C. M. (Clement Moore) Butler.

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PRINCETON, N. J.



S/te/f.



BR 404 .B87 1883
Butler, C. M. 1810-1890.
The Reformation in Sweden



■ ■ *i..i » ->/. S-



^\ ^



The Reformation in Sweden



ITS RISE, PROGRESS, AND CRISIS
AND ITS TRIUMPH UNDER
CHARLES IX,



C. M. 'BUTLER, D.D.

Professor of Ecclesiastical History in the Divinity School of the
Protestant Episcopal Church, Philadelphia



New York
ANSON D. F. RANDOLPH & COMPANY

900 BROADWAY, COR. 20th STREET



Copyright, 1883,
By Anson D. F. Randolph & Company.



ST. JOHNLAND PRINTED BY

STEREOTYPE FOUNDRY, EDWARD O. JENKINS,

SUFFOLK CO., N. Y. 20 NORTH WILLIAM ST., N. Y.







CONTENTS . "^^



CHAPTER I.

SWEDEN FROM THE TREATY OF CALMAR, 1 398, TO THE

INVASION OF CHRISTIAN II. OF DENMARK, I52O . . . I

CHAPTER n.

FROM THE INVASION OF CHRISTIAN II., I52O, TO THE AC-
CESSION OF GUSTAVUS TO THE THRONE, 1 523 .... 1 7

CHAPTER III.

FROM THE ELECTION OF GUSTAVUS TO THE THRONE, TO HIS

COLLISION WITH THE CLERGY, 1 526 49

CHAPTER IV.

THE SUCCESSFUL STRUGGLE OF GUSTAVUS WITH THE SPIRIT-
UAL POWER, 1526-27 75

CHAPTER V.

THE ESTABLISHMENT AND CONTINUED STRUGGLES OF THE

REFORMATION 97

CHAPTER VI.

CONDITION OF THE CHURCH TO THE CLOSE OF THE REIGN

OF KING GUSTAVUS II9



iv Contents.

CHAPTER VII.

KING ERIC AND HIS BROTHERS 147

CHAPTER Vni.

KING eric's madness, IMPRISONMENT AND DEATH. DUKE

JOHN BECOMES KING OF SWEDEN, AND HIS SON SIGISMUND
KING OF POLAND 1 69

CHAPTER IX.

THE REIGN OF KING JOHN FROM 1 568 TO I5 83 . . . . I93

CHAPTER X.

THE REIGN OF KING JOHN FROM 1 583, TO HIS DEATH, 1 592 . 209

CHAPTER XI.

CHARLES AND SIGISMUND 229

CHAPTER XII.

FROM THE MEETING OF THE DIET OF SODERK(EPING, SEPT.
30, 1596, TO THE CLOSE OF THE REIGN OF CHARLES
IX., OCT. 30, 161 1 248



THE REFORMATION IN SWEDEN.



CHAPTER I.



SWEDEN FROM THE TREATY OF CALMAR, 1 398, TO
THE INVASION OF CHRISTIAN II. OF DENMARK, 152O.

THE history of Scandinavia, previous to the union
of the three kingdoms of Denmark, Sweden and
Norway, under Queen Margaret, in accordance with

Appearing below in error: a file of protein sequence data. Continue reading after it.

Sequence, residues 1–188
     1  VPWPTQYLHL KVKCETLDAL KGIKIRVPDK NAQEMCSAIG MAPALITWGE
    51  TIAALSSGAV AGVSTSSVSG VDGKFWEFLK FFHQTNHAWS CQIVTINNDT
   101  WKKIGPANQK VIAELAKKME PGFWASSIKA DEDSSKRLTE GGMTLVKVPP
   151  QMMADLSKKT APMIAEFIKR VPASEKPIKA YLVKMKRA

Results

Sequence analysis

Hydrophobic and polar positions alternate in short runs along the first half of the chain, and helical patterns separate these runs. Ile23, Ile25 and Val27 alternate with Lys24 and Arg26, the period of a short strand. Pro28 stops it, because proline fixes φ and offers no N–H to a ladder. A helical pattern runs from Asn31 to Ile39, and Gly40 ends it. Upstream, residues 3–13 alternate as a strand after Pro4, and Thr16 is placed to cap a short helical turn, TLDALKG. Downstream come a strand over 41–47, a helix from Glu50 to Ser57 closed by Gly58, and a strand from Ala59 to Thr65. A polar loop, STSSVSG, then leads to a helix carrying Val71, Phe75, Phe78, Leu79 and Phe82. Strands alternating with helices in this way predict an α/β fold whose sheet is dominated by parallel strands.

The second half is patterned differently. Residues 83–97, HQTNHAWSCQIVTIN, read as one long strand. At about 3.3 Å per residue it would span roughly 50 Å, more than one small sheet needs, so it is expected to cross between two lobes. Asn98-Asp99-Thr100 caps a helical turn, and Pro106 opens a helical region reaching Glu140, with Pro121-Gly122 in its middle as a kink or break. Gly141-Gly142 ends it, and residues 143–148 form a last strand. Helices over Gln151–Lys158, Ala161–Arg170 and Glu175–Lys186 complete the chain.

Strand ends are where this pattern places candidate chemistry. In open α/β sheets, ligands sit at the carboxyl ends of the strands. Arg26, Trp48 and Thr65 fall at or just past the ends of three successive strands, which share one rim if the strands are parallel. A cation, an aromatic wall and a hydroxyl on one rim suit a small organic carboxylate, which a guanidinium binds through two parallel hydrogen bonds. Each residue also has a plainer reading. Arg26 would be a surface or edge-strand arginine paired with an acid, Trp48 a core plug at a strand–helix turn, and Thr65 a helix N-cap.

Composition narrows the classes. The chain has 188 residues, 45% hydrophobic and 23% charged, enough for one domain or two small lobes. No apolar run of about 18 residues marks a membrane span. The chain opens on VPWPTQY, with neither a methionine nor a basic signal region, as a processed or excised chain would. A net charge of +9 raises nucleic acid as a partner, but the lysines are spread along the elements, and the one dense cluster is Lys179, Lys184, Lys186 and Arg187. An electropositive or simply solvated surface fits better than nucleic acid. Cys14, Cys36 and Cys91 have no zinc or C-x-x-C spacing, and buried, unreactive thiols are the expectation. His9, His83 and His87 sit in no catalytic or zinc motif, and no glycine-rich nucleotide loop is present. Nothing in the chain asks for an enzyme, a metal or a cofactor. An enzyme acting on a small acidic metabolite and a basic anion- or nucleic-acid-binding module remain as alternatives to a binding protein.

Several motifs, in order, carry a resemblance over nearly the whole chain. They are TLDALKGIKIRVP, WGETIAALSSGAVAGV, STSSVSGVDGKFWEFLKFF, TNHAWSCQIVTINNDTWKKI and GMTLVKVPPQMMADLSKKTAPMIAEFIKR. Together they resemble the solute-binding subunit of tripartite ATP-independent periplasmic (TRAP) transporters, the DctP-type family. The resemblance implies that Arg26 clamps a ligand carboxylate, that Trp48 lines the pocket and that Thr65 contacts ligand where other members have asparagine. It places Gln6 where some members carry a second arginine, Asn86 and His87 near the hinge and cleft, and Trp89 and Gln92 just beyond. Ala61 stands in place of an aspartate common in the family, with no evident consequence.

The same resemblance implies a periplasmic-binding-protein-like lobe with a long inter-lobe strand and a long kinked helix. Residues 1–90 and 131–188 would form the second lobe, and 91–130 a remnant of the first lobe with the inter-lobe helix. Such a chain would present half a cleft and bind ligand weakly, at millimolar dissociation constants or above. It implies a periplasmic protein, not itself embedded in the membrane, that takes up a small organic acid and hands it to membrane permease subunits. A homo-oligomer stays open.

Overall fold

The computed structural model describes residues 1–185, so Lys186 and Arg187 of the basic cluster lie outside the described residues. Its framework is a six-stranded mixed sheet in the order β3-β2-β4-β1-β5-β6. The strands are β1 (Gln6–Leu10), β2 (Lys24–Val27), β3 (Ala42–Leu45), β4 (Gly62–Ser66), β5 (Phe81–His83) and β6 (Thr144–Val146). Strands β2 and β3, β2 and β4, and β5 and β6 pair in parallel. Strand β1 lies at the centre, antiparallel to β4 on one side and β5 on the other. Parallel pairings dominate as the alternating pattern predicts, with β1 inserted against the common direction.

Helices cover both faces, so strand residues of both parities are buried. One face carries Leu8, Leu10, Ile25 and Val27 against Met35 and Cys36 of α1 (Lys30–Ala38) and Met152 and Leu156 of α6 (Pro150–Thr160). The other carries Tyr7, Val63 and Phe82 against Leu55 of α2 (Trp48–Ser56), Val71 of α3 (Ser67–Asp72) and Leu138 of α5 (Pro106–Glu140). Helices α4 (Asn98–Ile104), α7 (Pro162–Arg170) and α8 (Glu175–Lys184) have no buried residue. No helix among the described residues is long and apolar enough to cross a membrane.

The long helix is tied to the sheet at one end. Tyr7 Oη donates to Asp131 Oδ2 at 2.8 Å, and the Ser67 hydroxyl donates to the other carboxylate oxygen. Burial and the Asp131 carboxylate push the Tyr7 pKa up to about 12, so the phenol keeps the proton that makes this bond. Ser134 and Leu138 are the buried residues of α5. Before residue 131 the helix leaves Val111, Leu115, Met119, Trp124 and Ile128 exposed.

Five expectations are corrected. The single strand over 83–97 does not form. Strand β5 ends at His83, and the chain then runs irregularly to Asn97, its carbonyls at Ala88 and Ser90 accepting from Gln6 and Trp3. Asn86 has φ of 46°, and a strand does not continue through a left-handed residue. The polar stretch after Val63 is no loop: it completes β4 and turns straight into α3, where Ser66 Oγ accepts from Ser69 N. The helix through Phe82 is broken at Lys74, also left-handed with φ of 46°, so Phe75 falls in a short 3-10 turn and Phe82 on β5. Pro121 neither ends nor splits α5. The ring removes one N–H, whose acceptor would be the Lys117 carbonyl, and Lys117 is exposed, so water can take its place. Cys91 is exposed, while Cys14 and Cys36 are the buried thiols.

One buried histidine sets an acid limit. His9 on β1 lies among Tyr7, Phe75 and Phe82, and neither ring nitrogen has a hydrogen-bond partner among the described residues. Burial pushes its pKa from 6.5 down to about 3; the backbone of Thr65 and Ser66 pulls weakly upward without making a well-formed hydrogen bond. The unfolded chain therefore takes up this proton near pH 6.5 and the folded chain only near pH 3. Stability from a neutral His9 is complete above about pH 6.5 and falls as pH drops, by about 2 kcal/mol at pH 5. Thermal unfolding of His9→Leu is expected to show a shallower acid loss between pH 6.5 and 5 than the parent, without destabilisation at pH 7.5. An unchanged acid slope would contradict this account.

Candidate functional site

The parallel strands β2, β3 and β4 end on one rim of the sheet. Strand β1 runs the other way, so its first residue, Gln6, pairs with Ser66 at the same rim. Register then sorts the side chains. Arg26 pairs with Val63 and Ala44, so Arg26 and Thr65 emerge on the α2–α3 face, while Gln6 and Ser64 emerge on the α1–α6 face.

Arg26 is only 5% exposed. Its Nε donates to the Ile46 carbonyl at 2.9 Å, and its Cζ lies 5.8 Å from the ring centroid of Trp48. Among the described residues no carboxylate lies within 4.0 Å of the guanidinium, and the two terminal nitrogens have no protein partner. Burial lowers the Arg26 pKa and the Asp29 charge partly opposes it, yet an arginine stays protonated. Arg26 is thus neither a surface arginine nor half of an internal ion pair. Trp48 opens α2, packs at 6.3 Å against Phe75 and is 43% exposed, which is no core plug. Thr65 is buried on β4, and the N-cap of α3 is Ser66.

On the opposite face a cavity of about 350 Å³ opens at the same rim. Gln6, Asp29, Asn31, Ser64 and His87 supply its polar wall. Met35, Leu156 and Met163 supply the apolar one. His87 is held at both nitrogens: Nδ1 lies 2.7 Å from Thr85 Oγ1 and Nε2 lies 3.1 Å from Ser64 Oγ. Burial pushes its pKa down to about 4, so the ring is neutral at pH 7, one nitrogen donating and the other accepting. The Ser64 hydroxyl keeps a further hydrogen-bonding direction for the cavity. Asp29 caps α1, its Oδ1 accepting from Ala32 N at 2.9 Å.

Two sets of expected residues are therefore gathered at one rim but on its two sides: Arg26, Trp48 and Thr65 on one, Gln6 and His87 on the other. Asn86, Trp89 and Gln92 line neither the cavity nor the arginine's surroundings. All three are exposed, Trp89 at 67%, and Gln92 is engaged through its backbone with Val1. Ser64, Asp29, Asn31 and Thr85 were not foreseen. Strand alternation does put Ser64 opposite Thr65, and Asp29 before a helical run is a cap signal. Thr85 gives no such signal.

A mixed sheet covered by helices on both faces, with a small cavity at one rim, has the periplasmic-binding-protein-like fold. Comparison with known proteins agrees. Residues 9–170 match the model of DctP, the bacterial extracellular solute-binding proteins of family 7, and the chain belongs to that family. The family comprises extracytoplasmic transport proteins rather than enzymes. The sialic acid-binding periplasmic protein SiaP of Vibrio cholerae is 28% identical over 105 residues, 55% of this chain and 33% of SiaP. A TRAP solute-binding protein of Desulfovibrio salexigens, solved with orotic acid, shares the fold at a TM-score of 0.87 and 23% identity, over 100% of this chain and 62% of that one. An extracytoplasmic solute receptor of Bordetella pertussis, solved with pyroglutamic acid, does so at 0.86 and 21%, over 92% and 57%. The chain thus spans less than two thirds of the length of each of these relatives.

the treaty of Calmar, is a record of violent commo-
tions and revolutions, and of incessant wars between
the three kingdoms. There is very little in it to repay
the student of general history for the time and toil it
will cost him to acquire any coherent idea of its ever-
shifting conditions, and still less to attract or reward
the student of ecclesiastical history.
Scandina- The reigns of Birger, 1290-1319, and of his
viaprez'ions ^^^ Magnus, 1319-1363, in Sweden, were

to Treaty of , , , ,,1-

Calmar, SO marked by cruelty and disaster to the
'39^- nation that some of the banished nobles

invited Albert, Count of Mecklenburg, son of the sister
of Magnus, to invade the kingdom and take posses-
sion of the throne. He accepted the invitation and
succeeded to the throne and reigned from 1363 to
1389. But his favors to Germans so offended the na-
tive nobility that they compelled him to dismiiss his
German favorites, and to accept one of their number,
Bo Jonsson, as his chief adviser in the government.



2 The Reformation in Sweden.

Jonsson soon became his master, and his heirs offered
the throne to Margaret, Queen of Denmark and Nor-
way. She sent an army into Sweden, which defeated
and captured and imprisoned Albert. As Albert's son
died in 1379 there was no one to contest Queen Mar-
garet's claim to the throne, and the designation of her
nephew Eric, Duke of Pomerania, to succeed to the
triple throne of Denmark, Norway and Sweden, which
was secured by the treaty of Calmar, in 1398.
Sweden tin- ^^^^ Conditions upon which the union of the
der Queen three kingdoms was concluded were such as

•^ seemed to promise peace and many mutual

advantages. It promised to put an end to the feuds by
which the Scandinavian kingdoms had hitherto been
convulsed, and to give to each member of the confed-
eracy, while still retaining its separate laws- and cus-
toms, a strength beyond its own to resist the encroach-
ments of more powerful states. It provided that the
election of the king should in future be made conjointly,
— the sons of the sovereign being preferred; each realm
was to be governed by its own laws; fugitives from
one country were not to be protected in another; all
were bound to take up arms for the common defence.

It is obvious to remark how great would have been
the advantages of such an arrangement if it could have
been faithfully maintained; but it is equally obvious to
conclude that such a union of rival states is scarcely
practicable in the most advanced stages of civilization,
and quite impossible at an era of violence and under
an undefined system of succession to the throne. Mar-
garet herself introduced, or rather set in motion, the
existing elements of discord by her partiality to her
Danish subjects, — to whom she committed the chief